Posted by: tlboehm | February 12, 2014

Mixing Grief and Joy

The middle of the week is winding down and I find myself on autopilot.  In of my first official returns to blogging early last month I told 2014 to bring it. In retrospect, maybe that wasn’t such a good idea.

 

Truth is 2014 is gearing up to be a continuation of 2013 which was simply an extension of its wearisome predecessor 2012. Honestly, I can’t remember the last “good” year I had.  Work is still a blur. I’m still fat. I still don’t have that book keeping business, or that publishing business or a clean kitchen floor and now I find myself dealing with the most aching grief I’ve felt since my dad passed away in 2009. All this in the face of everything I’ve been reading and hearing in my heart when moments are quiet and I look up, praying under my breath for that flood of indescribable joy I know is but a blink away….

 

Last Friday, one of the most beautiful souls I’ve ever had the blessing to experience, if even on a surface level won her four year fight with the monster that is Lyme Disease. The first time I saw Colleen and her husband was in 2005. It was a summer Sunday morning and I and my family attended a local church called Believers Center for the first time. We were looking for a new home after making a wrenching decision to leave our Lutheran church. I remember we talked about how we didn’t want to go “Pentacostal”, or “large”. We just wanted a quiet small place to disappear maybe on the back row on Sunday morning. I can’t tell you what song was being sung but I do remember that the music was totally amazing and I and my whole family wept through all the songs. We’ve been going to BCA ever since. Along the way, we grew to love Colleen and Jaris and the rest of the worship team like family. It took me about three years to gather the courage to join choir (because I was scared Colleen would actually hear me sing and toss me out) and I still remember one of my first practices when she turned around and said, “I can hear you. It sounds good.” I think I forgot all the words to the songs for the rest of practice. I never lost that sense of awe and respect for Colleen. I keep it in my heart even now as I consider her grace, her tenacity and her impact on others as she battled a monster that just kept coming….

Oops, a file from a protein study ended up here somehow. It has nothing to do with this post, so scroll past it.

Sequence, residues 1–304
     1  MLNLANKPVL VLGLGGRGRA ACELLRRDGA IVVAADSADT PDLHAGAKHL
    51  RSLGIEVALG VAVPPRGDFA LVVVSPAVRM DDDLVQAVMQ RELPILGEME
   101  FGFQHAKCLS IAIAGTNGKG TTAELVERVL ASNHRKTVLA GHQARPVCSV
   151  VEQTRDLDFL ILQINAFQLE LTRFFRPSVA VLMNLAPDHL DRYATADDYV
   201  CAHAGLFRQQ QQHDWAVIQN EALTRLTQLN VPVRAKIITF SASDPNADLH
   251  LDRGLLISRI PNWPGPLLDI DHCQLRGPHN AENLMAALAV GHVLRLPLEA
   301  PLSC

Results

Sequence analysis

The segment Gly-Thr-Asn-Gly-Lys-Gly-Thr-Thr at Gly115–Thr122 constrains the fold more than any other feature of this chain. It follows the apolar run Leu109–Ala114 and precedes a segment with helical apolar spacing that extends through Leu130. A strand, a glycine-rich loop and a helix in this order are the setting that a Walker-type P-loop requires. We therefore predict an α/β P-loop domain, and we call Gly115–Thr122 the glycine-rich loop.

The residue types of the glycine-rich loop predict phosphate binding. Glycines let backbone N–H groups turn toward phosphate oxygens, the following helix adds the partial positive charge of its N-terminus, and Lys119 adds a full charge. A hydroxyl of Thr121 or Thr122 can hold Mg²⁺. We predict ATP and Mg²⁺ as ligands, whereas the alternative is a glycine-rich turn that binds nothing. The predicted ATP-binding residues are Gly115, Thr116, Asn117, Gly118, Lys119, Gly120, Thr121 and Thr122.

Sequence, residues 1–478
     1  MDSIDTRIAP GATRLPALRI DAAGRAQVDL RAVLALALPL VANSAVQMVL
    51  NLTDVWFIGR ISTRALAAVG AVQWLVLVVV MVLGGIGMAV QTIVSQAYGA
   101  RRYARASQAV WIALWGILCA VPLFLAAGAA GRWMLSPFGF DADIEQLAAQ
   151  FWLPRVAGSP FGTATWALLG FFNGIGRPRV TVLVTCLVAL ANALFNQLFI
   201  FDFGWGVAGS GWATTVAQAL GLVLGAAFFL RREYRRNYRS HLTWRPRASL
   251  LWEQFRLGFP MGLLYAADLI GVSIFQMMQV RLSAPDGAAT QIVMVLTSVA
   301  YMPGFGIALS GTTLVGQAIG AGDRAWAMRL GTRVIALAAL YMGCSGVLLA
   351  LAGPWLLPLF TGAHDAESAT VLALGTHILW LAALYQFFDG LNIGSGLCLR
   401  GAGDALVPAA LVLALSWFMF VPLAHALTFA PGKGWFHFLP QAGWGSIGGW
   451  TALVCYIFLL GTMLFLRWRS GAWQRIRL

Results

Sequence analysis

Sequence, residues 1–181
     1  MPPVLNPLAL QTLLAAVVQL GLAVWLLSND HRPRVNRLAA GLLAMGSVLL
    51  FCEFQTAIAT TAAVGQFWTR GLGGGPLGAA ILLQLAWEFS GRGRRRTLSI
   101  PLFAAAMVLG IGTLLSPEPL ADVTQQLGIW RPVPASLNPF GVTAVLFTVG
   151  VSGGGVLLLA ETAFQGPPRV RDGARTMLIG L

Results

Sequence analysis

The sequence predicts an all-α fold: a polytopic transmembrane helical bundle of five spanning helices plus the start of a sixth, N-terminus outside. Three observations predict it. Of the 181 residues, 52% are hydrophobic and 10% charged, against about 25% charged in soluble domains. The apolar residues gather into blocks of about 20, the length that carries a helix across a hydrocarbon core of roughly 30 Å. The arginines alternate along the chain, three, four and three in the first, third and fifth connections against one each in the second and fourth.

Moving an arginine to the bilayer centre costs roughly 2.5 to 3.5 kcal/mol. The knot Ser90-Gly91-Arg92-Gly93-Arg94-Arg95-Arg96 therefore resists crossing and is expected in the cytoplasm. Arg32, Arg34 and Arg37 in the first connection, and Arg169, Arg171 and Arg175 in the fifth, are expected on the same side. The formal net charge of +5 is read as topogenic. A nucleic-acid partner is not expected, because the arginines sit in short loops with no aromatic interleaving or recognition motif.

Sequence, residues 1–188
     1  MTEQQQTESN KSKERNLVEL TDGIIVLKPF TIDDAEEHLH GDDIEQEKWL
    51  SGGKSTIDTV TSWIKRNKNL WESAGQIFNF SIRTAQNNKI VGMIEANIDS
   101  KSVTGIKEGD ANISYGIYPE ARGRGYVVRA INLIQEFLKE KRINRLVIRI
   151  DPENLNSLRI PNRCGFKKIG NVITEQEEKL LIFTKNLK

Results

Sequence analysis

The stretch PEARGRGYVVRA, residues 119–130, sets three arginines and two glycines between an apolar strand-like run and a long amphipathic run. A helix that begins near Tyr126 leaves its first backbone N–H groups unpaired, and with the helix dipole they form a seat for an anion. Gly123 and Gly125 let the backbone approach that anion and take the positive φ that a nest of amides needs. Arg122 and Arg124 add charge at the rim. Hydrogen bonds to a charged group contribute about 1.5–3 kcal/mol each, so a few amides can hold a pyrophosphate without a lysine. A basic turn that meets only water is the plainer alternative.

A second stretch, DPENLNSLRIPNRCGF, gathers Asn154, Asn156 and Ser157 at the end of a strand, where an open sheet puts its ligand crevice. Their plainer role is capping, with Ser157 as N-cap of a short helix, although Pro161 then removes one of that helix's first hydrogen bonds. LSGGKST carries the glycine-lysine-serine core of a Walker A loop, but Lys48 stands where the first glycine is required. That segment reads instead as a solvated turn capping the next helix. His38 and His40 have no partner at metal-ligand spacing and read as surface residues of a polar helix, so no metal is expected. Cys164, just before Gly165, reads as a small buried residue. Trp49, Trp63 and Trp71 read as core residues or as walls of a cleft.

I’ve been so blessed to know other people in her extended family. One of her nephews was the first friend my younger son met at BCA. My older son is close to another nephew and a niece. Her husband Jaris was instrumental (no pun intended) in helping our younger child play bass guitar and Colleen herself mentored our older son in choir and on the Worship Team. We learned to worship watching Colleen and the rest of the worship team and now with her passing, we are learning how deep love and grace can go in the face of loss.

 

I know so many people would look at Colleen’s passing as failure on multiple levels. Why would a loving God take a beautiful, strong, gifted woman away from her husband, her children, her church family and her circle of influence. Why would He let her suffer? And the worst – where was her faith for healing? Honestly, before 2005 I would have been asking those questions myself. But Colleen and others at BCA have taught me that none of those questions are even worth contemplation. The enduring part of Colleen’s legacy is so evident in those who love her, who have responded with that mix of joy and sorrow knowing she isn’t here, but she WON and is where she always wanted to be, at the feet of her King and Father. Whole and singing and dancing and laughing that huge laugh she had. That love has been on display in the responses of so many, and it is proof that love, not death, is the most powerful force on the planet. We cry because we miss her. And that’s ok. But torment and tears and suffering are all temporary. We are destined for a time and a place where there will be no sorrow, and no suffering. Colleen lived her life like that. I want to live mine like that too.  I hold on to the very real hope that the aching grief will indeed pass and that flood of indescribable joy is only a moment away.  

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Responses

  1. I am sorry to know you have lost a confidant and fellow sister in Christ in this earth but also rejoice that she is with the Father.

    Sounds like she was a testimony to Psalms 100 in which everything that has breath praises the Lord with their being, their whole being. I pray you peace, the peace that surpasses all understanding. That the Lord will cover your heart with his own hand and kiss your countenance with his grace.

  2. thank you so much. She was that – and so is her family.


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